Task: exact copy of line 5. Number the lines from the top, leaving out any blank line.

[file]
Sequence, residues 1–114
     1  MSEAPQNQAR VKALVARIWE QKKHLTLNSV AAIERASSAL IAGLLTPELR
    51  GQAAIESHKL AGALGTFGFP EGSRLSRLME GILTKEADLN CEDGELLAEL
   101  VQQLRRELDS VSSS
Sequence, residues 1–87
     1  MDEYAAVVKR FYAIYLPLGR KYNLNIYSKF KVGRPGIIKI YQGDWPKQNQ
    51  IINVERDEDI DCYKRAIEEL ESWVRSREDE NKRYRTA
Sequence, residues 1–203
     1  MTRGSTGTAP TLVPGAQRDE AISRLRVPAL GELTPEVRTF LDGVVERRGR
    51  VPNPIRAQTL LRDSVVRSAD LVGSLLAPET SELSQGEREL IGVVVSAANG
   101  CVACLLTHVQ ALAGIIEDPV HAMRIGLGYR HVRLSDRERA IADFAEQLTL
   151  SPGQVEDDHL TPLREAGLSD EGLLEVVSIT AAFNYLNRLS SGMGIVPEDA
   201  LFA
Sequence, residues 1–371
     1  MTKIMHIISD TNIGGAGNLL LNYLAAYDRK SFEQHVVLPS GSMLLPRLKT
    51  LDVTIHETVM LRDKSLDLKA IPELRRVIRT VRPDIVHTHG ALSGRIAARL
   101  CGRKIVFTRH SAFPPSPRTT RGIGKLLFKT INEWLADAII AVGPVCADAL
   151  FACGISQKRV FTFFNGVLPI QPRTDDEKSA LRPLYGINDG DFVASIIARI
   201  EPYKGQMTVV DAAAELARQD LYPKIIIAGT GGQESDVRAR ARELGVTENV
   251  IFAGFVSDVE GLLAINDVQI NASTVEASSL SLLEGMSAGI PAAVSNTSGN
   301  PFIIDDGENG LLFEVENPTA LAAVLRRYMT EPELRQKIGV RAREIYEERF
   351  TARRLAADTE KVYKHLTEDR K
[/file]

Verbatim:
Sequence, residues 1–87